News from the Illinois PTA Convention—Incoming President’s Speech

At the conclusion of the 2017 Illinois PTA Convention, incoming Illinois PTA President Brian Minsker addressed the delegates. Following the speech, many in the audience urged us to share his message with all Illinois PTA members.

I’m willing to bet that almost every person in this room would say that they got involved with PTA because of their child. That’s not terribly surprising. Every parent wants to be a champion for their child.

But PTA has always been about more than that. When Alice McLellan Birney looked around her community and saw children ending their education after fifth grade or eighth grade, saw children working in factories, saw children locked up in adult prisons, she knew that someone needed to speak up for them, because every child deserves a champion.

Our mission as PTA is to make every child’s potential a reality not by holding a fundraiser, but by engaging and empowering our families and our communities to be advocates. That’s not to say that fundraising is not important. A fundraiser can make a big difference in a school, especially with our state continuing to provide inadequate and inequitable funding of our schools year after year, but when we are advocates, when we change policies and laws, we can make a difference for every child in Illinois, and every child deserves a champion.

Now, I sense that there are some of you out there who are a little skeptical about this advocacy thing. Maybe you’re thinking that those big changes that PTA made in the past happened because it’s obvious that children going to work in factories at 11 or being locked up in adult prisons at 13 was clearly wrong and therefore easy to change, but change is never easy. Maybe you think a small handful of PTA folks can’t make a big difference today, that money and lobbyists and special interests push regular people out of the process, so let me tell you about Illinois PTA this past year.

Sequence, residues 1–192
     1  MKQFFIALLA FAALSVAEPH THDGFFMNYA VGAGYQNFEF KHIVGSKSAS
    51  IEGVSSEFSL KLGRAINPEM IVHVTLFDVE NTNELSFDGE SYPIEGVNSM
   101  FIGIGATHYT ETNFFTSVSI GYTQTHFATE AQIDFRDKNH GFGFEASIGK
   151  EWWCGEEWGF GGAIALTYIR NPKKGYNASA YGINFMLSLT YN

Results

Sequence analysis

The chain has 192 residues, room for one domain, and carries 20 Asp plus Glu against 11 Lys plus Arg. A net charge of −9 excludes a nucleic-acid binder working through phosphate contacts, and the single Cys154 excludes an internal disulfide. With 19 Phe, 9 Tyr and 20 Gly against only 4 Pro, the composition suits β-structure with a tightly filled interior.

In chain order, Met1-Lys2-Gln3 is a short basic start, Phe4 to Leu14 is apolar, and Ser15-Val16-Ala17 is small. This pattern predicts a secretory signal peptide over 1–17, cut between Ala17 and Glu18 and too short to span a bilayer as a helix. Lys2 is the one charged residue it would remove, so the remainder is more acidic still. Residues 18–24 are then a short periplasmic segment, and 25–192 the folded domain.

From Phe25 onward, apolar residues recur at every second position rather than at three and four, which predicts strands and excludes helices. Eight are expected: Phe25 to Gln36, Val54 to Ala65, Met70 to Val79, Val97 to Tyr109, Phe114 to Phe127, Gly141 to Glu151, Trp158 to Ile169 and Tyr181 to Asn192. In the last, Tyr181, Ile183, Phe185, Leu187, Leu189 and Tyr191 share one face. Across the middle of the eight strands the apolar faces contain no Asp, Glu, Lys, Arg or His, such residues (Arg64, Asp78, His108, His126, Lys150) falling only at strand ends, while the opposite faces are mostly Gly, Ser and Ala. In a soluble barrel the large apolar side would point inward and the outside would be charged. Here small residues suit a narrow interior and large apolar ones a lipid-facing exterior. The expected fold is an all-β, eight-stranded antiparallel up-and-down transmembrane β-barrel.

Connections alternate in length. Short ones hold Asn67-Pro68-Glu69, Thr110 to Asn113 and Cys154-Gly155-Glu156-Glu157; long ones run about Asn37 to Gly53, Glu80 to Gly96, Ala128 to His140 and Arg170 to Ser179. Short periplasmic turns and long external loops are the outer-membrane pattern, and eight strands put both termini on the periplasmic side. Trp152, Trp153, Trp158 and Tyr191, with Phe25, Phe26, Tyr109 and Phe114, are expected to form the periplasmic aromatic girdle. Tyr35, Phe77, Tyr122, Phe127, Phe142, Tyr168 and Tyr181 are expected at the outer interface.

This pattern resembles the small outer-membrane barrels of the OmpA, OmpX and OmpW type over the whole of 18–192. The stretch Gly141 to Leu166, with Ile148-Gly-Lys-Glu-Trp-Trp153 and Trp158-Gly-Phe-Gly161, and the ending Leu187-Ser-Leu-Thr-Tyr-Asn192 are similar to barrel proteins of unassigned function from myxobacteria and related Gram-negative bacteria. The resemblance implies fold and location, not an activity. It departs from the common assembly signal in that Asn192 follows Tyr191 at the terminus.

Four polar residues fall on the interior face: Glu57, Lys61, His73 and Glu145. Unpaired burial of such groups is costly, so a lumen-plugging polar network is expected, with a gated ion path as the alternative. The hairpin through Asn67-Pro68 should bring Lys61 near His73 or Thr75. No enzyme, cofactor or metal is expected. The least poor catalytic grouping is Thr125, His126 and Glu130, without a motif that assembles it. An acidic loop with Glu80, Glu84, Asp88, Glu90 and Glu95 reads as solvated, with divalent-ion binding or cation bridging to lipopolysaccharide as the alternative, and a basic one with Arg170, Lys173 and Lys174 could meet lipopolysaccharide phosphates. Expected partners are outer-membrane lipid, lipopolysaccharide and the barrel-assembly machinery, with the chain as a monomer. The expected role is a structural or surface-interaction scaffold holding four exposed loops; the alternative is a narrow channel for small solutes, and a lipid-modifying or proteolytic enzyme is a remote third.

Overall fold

Last fall on November 15th we had Illinois PTA Advocacy Day in Springfield, the first day of the fall veto session. We had 12 PTA advocates come to Springfield that day, more than we’ve had there on one day in probably over a decade. We also sent out a call to action for those who couldn’t come to Springfield to contact their legislators. We were advocating for passage of a fully-funded state budget, for a bill banning the sale of energy drinks to minors, and for SB550, a bill to test every unique drinking water source in every school in Illinois, public, private, and parochial, for lead. While we had a handful of face-to-face meetings with legislators, we also spent time stopping by the desks of as many administrative assistants as we could to speak with, told them about our issues, and left our literature with them to pass on to the legislators. The 12 of us managed to visit a little over half of the legislators’ assistants that day.

The next day, our executive director was at a hearing and overheard one legislator say to another, “Boy, the Illinois PTA really showed up yesterday.” Well, 12 of us did, but we seemed like a whole lot more. And a funny thing happened that day: SB550, a bill that had passed the Senate in May but had been stuck in the House Rules committee since then (and if you don’t know, the Rules Committee is where bills go to slowly die) suddenly picked up three new co-sponsors. By the end of the veto session, the bill had picked up over a dozen new co-sponsors, moved out of Rules, gone through committee, and was headed to the floor with a Do Pass recommendation.

Since we knew there was a lame duck session coming up in January, Illinois PTA sent out another call to action just after the first of the year, and SB550 picked up 18 additional co-sponsors during that session and passed into law. While the amended bill limited the testing to Pre-K through fifth-grade schools, without PTA advocates contacting their legislators we would have had no testing at all for a substance that we know has no safe level of exposure.

So 12 people spending a day in Springfield and a few hundred more spending two minutes to answer Illinois PTA’s call to action made a difference in the lives of every child who will be passing through those schools for years to come. What could we accomplish for the children of Illinois with 100 people spending a day in Springfield or 10,000 spending two minutes to answer a call to action?